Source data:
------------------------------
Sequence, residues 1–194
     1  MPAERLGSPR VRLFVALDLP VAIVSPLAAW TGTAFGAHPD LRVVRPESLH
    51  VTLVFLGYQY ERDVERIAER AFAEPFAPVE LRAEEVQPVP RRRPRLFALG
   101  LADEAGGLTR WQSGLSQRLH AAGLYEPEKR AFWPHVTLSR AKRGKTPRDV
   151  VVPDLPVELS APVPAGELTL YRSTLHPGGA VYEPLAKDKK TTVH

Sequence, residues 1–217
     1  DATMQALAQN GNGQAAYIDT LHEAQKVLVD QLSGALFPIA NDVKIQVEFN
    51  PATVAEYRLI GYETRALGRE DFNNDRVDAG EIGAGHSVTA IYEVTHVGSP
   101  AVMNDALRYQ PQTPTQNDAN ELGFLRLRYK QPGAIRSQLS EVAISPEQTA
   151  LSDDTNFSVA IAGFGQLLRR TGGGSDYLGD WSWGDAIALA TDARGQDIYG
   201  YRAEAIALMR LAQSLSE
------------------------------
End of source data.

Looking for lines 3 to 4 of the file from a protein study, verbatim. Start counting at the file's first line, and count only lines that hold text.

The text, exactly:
    51  VTLVFLGYQY ERDVERIAER AFAEPFAPVE LRAEEVQPVP RRRPRLFALG
   101  LADEAGGLTR WQSGLSQRLH AAGLYEPEKR AFWPHVTLSR AKRGKTPRDV